A quantitative trait locus on chromosome 11 is the major genetic determinant of homocysteine plasma levels. Results from the GAIT Project
Abstract number: OC160
Souto* J., Blanco-Vaca* F., Soria* J. M., Buil* A., Ordoñez-Llanos* J., Lathrop M., Almasy L., Stone§ W., Blangero J., Fontcuberta* J.
Centre National de Genotypage, France; *Hospital de la Santa Creu i Sant Pau, Spain; §Hospital de la Santa Creu i Sant Pau, USA South-west Foundation for Biomedical Research, USA;
Plasma levels of homocysteine (Hcy) are associated with the risk of prevalent diseases like venous thrombosis, myocardial infarction, stroke and Alzheimer's disease. The level of Hcy is a quantitative phenotype determined by the interaction of genetic and environmental factors. Previous results from the Genetic Analysis of Idiopathic Thrombophilia (GAIT) Project indicated that the phenotypic variation in Hcy plasma levels is in part due to the additive effect of genes. The MTHFR C677T polymorphism has been associated with moderate hyperhomocysteinemia, but it explains only a small proportion of the genetic effect on Hcy plasma level. We measured Hcy in 398 individuals in 21 Spanish families participating in the GAIT study. Twelve of these families were recruited through a proband with idiopathic thrombosis and nine were ascertained without regard to phenotype. A genome scan was performed using highly informative microsatellite DNA markers spaced at approximately 10 cM intervals on the 22 autosomal chromosomes. After a log transformation of the Hcy values, a multipoint variance component linkage analysis was performed using the SOLAR program. The heritability of ln Hcy was 34% (P < 0.0001). From the genome scan, we identified one linkage signal with a LOD score of 3.01 (nominal P = 0.0001) on chromosome 11. Another region on chromosome 10 showed a suggestive linkage signal with a maximum LOD score of 1.68 (P = 0.003). The locus containing the MTHFR gene on chromosome 1p36 had a LOD score of 1.03 (P = 0.015), confirming that this locus plays a significant, but minor, role in the genetic determination of Hcy plasma levels. These results indicate that a gene on chromosome 11 is the major genetic determinant of Hcy plasma levels in Spanish population. Fine linkage mapping should be performed to narrow the pertinent region on chromosome 11 and to identify the candidate gene. Then, DNA resequencing should be done to determine DNA sequence variation within this candidate gene and to describe the allelic architecture and the functional variants determining Hcy levels. These functional variants (polymorphism) should be considered genetic risk factors for cardiovascular diseases and possibly for Alzheimer's disease.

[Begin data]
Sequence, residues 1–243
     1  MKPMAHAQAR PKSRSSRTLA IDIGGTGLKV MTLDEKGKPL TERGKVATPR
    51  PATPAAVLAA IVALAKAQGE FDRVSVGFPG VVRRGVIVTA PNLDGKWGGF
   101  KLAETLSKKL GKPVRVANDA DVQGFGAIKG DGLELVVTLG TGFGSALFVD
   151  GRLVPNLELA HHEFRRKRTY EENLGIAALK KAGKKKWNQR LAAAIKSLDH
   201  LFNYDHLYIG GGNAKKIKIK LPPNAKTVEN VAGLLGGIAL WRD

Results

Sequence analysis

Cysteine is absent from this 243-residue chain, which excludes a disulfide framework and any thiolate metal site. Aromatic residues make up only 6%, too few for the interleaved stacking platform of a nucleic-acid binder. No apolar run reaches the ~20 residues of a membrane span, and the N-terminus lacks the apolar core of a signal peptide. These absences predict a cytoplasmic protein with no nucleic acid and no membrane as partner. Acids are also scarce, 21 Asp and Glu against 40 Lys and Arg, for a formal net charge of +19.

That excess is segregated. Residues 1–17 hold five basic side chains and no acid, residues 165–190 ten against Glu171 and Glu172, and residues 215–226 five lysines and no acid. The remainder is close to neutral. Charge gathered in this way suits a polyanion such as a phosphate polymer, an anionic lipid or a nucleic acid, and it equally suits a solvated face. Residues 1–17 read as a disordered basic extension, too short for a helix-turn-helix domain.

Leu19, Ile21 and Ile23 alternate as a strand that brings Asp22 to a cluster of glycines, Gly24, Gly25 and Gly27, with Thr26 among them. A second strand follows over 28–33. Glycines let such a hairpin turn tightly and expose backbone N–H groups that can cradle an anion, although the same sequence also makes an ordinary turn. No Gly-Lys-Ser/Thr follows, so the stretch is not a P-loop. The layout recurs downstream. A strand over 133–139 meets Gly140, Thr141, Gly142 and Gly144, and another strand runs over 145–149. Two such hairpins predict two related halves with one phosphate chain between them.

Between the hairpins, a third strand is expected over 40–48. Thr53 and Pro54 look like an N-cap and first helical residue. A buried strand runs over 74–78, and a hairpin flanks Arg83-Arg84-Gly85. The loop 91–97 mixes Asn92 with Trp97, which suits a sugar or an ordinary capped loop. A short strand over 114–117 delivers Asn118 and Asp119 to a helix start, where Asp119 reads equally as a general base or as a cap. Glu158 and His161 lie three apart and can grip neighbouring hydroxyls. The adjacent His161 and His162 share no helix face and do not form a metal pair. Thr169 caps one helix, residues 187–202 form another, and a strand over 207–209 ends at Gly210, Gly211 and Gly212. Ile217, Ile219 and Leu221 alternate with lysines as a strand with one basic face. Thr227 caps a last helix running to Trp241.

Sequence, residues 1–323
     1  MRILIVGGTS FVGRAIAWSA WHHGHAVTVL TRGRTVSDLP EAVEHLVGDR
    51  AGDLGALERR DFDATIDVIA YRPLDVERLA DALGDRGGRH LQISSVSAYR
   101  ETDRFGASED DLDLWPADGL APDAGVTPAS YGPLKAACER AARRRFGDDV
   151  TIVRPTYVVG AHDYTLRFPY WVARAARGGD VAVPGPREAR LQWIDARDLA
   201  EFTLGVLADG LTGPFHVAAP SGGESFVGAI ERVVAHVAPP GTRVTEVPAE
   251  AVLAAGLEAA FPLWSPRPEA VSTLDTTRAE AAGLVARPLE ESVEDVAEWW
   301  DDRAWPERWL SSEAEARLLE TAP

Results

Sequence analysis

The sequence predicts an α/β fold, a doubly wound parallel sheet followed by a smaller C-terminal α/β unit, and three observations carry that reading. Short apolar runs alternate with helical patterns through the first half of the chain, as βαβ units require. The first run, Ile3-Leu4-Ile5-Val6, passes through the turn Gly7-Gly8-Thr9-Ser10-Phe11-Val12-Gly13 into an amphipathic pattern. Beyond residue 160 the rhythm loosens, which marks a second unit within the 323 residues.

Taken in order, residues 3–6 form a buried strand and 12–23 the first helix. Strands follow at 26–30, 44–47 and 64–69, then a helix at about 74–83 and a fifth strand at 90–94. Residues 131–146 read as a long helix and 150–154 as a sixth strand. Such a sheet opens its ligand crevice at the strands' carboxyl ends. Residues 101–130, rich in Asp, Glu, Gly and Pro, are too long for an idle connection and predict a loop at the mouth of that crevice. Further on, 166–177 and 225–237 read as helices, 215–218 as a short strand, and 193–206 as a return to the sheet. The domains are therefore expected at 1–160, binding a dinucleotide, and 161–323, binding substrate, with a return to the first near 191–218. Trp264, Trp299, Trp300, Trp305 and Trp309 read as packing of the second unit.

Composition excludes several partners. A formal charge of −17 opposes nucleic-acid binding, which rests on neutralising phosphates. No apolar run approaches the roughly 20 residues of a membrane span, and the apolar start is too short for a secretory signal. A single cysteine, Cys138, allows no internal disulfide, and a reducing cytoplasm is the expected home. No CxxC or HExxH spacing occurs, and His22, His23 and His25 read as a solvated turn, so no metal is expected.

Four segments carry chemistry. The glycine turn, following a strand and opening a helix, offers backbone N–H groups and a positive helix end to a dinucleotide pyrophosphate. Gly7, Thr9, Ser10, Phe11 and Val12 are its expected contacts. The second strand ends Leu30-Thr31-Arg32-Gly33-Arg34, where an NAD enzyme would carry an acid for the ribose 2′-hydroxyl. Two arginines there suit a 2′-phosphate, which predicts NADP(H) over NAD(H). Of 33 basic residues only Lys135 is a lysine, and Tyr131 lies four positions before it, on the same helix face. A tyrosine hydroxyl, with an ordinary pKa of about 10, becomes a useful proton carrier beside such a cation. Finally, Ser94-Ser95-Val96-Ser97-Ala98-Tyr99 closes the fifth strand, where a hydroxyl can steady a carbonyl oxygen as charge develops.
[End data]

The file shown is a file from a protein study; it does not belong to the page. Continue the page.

To cite this abstract use the following format:
Journal of Thrombosis and Haemostasis 2003; 1 Supplement 1 July: abstract number
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